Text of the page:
GARDEN CITY, Kan. (KSNW) — Garden City is closer to having more housing available for residents. On Wednesday, crews broke ground on Phase I of Hunters Glen.

“Finney County has a housing shortage of about 4,000 housing units,” Lona DuVall, president and CEO of Finney County Economic Development Corporation, said. “Unfortunately, we also have 3,000 open positions in the community, but we’re at full employment. We have more folks working in Garden City than ever before.”

She said fewer than 30 people are on unemployment benefits in Finney County, and fewer than 300 people identify as looking for work.

“The only way we’re going to meet the demands for our economy is relocate some workers to our community to fill those positions,” DuVall said.

On Wednesday, U.S. Senator Jerry Moran and USDA Regional Director Karissa Stiers took part in the groundbreaking ceremony for the housing development, near the intersection of North Third Street and Leawood Avenue, just north of Valley View Cemetery.

The project’s first phase will create 86 housing units at a total development cost of more than $19 million. Phase II is in final application to the U.S. Department of Agriculture (USDA). It would add another 106 units and a total development cost of $22 million. Phase III will be submitted for preliminary application to USDA in the fall.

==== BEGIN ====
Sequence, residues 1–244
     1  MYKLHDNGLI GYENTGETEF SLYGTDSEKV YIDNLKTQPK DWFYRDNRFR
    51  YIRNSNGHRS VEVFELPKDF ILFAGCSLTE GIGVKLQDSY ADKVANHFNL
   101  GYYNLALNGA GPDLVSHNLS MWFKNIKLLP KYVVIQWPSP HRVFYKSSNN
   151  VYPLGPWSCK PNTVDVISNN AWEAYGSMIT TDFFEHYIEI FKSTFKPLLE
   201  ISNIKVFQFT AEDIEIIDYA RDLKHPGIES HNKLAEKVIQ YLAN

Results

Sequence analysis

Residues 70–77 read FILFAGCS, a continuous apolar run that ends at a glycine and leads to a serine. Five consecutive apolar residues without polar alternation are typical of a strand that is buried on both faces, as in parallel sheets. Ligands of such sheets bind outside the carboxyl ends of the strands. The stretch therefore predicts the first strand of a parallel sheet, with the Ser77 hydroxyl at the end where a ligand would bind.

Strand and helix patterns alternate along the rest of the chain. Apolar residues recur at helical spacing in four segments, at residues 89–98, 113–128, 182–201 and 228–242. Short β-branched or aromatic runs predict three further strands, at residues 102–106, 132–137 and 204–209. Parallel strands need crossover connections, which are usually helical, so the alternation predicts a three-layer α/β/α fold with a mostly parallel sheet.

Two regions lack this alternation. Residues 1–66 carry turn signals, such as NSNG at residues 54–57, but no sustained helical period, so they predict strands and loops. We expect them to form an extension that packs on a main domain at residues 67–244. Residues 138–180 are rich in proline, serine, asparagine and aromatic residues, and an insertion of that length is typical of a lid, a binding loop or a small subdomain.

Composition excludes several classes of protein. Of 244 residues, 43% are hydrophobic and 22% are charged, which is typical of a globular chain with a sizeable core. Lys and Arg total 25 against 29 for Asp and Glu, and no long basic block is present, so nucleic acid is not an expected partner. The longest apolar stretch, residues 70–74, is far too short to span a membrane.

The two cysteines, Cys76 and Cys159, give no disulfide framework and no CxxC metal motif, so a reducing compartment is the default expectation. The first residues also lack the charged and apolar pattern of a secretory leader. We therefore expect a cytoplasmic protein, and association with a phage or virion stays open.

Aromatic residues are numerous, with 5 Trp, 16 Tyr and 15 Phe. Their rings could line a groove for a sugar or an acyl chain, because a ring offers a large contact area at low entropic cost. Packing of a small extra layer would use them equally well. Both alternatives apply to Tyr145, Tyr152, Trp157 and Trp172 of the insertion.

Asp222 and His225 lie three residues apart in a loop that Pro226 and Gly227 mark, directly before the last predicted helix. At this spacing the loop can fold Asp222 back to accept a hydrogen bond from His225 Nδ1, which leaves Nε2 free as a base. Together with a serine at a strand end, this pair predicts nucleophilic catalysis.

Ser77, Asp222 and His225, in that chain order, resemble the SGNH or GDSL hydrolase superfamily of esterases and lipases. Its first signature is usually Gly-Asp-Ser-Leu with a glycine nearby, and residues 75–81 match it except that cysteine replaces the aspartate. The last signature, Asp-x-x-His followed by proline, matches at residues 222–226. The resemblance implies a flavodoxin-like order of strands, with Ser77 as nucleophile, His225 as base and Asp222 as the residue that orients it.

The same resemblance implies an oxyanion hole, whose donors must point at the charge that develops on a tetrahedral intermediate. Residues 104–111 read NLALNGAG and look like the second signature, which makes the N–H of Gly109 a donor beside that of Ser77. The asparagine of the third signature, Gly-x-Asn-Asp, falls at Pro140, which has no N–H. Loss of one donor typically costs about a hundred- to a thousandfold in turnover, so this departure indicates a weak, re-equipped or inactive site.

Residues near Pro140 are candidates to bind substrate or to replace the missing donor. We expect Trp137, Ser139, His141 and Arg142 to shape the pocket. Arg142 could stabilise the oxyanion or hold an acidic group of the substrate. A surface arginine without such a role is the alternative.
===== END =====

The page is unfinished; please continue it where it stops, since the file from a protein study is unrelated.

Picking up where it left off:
Greater Garden City said Phase I is funded through a USDA loan and grant with Bonneville and Horizon Bank financing. Phase I will provide affordable housing options for farmworkers as broadly defined by USDA.

“At full development, you know we’re talking around 200 total units that would be available for, again, for agricultural workers within the community,” DuVall said.

She said USDA has different funding programs for agricultural workers. The USDA program they’re using does not limit the income of those who live in the units. Instead, it controls the costs so that the residents’ total rent and utilities stay within a certain percentage of their total income.

“It’s a much better opportunity for us,” DuVall said. “Our median income continues to rise significantly in Finney County, so any income-qualified projects don’t tend to work very well for us. But projects like this that allow the worker to make as much as the market will pay and still qualify for those living arrangements makes it very useful for our community.”

She said the project is multi-family and includes duplexes and townhomes. Builders hope to have the first phase done in the next year, but it will be dependent on the supply chain and the labor force.

“We’re very excited to be breaking ground at Hunters Glen,” DuVall said. “This project will help to fill some of our workforce housing needs. We appreciate Michael Snodgrass and his team’s dedication to partnering with Garden City and Finney County to create high-quality rental housing.”

Snodgrass is the owner of Oikos Development Corporation, the project developer.

“We’ve got some pretty big goals for housing in Finney County right now,” DuVall said. “The city commission, Garden City Commission, has adopted a goal of 4,000 units by 2030, which is pretty huge, and 2030’s not that far away.”

The Finney County Economic Development Corporation has an even bigger goal – 6,000 units.

“We believe we can do that, but it’s going to take all hands on deck and everybody working together,” DuVall said.